Swoon is a Belgian poet filmmaker who makes films that try to blur the boundary between written poem and moving image. He mixes his own footage with found footage and sometimes mixes his own words with others. I like the quiet easy tone of his work. I like his manipulation of imagery. His work is a very difficult kind of work because it tries to make something new from two different things. Poetry is a perfect form all by itself. But film is never satisfied. It’s always looking for something to include within it. So it’s natural for film to go looking for poetry and try to bring it in. But poetry resists all alliances. Poetry seems content and willing to wait for centuries. It requires nothing. It doesn’t care what film wants. It will sit on a dry page in some crowded shelf somewhere waiting six hundred years for just a single pair of eyes to come along in boredom, open to the page, glance in, read half-way down and then slap the book shut for another six hundred years until someone decides to finish reading the goddamn thing. That’s patience. Film doesn’t have that. Film must be seen now or it withers. It begins to rot. Even if it’s digital. Digital films become confused and get lost in the forest of other digits. They may never find their way out again. So working with the two things and trying to get them together is very difficult but may actually make perfect sense.
This is a film poem triptych that is Swoon’s first work to include his own words. There’s a site for the film with more information.
This incredibly beautiful edition of Edgar Allan Poe’s ‘The Raven’ was published in 1884 with illustrations by Paul Gustave Doré. Click on the images to see full sizes.
Once upon a midnight dreary, while I pondered, weak and weary,
Over many a quaint and curious volume of forgotten lore–
While I nodded, nearly napping, suddenly there came a tapping,
As of some one gently rapping, rapping at my chamber door.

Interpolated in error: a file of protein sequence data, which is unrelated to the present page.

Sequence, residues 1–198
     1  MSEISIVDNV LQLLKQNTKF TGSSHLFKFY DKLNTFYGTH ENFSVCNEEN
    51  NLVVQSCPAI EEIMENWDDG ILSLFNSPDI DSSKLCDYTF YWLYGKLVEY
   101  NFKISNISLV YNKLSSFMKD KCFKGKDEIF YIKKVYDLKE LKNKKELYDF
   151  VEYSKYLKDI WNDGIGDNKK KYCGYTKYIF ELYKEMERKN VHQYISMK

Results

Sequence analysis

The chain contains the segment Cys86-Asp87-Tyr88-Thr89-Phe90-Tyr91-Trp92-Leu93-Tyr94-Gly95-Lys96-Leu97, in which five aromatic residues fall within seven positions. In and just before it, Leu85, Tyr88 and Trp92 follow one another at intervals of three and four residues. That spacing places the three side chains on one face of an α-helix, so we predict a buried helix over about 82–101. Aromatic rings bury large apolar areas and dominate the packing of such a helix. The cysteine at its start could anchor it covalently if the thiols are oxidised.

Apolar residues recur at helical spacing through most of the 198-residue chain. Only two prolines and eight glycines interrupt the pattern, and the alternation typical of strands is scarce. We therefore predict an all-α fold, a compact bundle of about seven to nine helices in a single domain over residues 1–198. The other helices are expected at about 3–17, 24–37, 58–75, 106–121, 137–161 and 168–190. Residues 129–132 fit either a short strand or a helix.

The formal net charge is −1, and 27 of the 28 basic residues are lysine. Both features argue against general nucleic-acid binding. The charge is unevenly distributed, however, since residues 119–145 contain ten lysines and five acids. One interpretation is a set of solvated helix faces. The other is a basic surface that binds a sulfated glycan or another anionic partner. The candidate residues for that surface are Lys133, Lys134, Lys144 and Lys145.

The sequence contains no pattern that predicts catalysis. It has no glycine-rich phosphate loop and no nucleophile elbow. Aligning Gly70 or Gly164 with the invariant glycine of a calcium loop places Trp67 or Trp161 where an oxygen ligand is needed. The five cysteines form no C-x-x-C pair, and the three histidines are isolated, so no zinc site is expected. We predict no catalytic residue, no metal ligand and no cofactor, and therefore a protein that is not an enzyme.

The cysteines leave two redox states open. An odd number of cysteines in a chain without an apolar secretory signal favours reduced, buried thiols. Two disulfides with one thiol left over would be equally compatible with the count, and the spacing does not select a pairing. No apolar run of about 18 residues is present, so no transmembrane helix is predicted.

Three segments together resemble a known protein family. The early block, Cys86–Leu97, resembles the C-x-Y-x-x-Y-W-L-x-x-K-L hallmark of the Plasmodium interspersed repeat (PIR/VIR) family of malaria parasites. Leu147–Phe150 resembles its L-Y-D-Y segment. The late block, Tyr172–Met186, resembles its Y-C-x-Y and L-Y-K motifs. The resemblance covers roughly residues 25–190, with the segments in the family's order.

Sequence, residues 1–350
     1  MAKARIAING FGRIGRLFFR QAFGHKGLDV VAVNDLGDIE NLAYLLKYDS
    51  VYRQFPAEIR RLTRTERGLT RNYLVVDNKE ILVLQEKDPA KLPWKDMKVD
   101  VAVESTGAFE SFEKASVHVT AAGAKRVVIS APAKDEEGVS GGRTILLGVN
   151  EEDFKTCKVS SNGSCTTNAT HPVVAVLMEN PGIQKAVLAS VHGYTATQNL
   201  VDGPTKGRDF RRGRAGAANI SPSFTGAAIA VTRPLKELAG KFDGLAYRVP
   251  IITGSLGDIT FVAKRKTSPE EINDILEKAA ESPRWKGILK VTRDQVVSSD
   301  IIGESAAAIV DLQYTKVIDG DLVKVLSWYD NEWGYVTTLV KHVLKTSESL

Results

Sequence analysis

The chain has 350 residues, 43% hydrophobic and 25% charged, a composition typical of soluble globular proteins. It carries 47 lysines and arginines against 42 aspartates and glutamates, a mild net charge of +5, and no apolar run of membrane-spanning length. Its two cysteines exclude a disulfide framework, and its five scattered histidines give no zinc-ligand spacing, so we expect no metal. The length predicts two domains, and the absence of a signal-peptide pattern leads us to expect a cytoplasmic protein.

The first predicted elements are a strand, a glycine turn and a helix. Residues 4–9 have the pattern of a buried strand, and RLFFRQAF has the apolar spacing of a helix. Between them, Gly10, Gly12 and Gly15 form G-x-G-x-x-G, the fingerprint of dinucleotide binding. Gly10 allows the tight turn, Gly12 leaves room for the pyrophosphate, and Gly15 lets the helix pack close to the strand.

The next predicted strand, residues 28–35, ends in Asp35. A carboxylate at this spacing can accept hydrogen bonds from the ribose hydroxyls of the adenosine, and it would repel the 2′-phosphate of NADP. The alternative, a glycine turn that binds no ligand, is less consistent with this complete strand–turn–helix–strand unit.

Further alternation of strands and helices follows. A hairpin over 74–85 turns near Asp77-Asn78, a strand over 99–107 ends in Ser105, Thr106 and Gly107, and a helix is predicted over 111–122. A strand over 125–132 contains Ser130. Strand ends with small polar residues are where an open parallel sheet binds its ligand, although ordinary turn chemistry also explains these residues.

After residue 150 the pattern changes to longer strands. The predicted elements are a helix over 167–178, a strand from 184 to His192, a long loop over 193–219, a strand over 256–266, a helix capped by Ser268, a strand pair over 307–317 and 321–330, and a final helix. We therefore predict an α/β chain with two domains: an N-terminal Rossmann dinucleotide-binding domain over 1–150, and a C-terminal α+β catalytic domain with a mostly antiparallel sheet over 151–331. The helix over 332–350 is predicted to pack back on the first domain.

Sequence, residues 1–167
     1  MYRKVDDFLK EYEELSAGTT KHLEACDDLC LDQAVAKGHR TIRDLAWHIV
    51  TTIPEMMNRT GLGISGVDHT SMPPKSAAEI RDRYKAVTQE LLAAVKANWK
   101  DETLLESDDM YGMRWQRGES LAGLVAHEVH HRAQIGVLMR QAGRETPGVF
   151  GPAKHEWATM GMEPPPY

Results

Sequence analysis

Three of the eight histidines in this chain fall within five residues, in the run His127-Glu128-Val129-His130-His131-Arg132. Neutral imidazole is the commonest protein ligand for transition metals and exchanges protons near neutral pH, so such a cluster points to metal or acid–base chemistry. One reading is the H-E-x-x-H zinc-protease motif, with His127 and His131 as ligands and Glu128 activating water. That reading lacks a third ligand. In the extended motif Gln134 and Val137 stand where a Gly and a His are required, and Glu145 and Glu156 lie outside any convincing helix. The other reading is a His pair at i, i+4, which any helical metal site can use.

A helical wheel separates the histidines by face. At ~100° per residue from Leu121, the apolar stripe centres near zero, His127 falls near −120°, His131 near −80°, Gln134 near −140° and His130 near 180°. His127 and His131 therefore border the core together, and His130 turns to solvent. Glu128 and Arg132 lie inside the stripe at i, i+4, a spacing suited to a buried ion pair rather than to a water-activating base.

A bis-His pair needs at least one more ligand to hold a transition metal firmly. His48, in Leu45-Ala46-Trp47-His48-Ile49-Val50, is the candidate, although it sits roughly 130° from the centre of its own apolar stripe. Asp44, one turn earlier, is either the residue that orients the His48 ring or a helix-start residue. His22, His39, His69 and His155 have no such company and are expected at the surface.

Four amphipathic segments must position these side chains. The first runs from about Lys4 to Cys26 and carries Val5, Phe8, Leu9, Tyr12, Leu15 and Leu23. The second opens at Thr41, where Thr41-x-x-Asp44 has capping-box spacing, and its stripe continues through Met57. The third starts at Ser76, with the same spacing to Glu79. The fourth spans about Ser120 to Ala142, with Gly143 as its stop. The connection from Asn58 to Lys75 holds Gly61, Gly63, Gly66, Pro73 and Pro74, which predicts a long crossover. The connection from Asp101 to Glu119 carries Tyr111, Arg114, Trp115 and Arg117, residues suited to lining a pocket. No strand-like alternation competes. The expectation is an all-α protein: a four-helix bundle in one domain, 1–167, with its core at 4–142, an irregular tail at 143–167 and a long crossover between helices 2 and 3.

“‘Tis some visiter,” I muttered, “tapping at my chamber door–
Only this and nothing more.”
Really frightening film adaptation of Goethe’s Der Erlkönig. Raymond Salvatore Harmon made this film that revels in the dark terror of fairy tales. It’s a densely layered film that conveys the sense of riding through the forest beautifully. Those trees keep going by and the dolls bounce along on their horse. Amazing! I love terrifying fairy tales! A child, held tight in his father’s arms, senses a supernatural being of some sort approaching. You’ve got to pay attention to this one right up to the end!
It’s almost here. April will be National Poetry Month, during which we celebrate the placement of words into various shapes, patterns and meanings that only a select few can decipher. Don’t worry, if you saw the poetry reading at the most recent Presidential Inauguration, she was only placed at the podium to intercept bullets. That has nothing to do with poetry.
For those of us fortunate and intelligent enough to avoid the study of poetry in a university, the month of April can be a strangely rewarding treat. It’s an awkward and sort of a lame month of celebration, but it works. Don’t ask me why. Just think of yourself as being in the National Poetry Month and walk into a good bookstore and go to the poetry shelf to see what happens. If you’re a total dumbass, nothing will happen of course. But if you can read, you might start wondering why words make you want to have a coffee, or a piece of bread, or some wine, or cheese, or wear a hat, or some old boots.
I think I am going to celebrate Poetry Month by posting parts of my unfinished new video. It mixes images, music, and words to make something that can really only be explained in terms of poetry anyway. So I claim the right, during National Poetry Month, to be somewhat mysterious, cryptic, unfinished, insulting, fuzzy, indulgent, and unintelligible.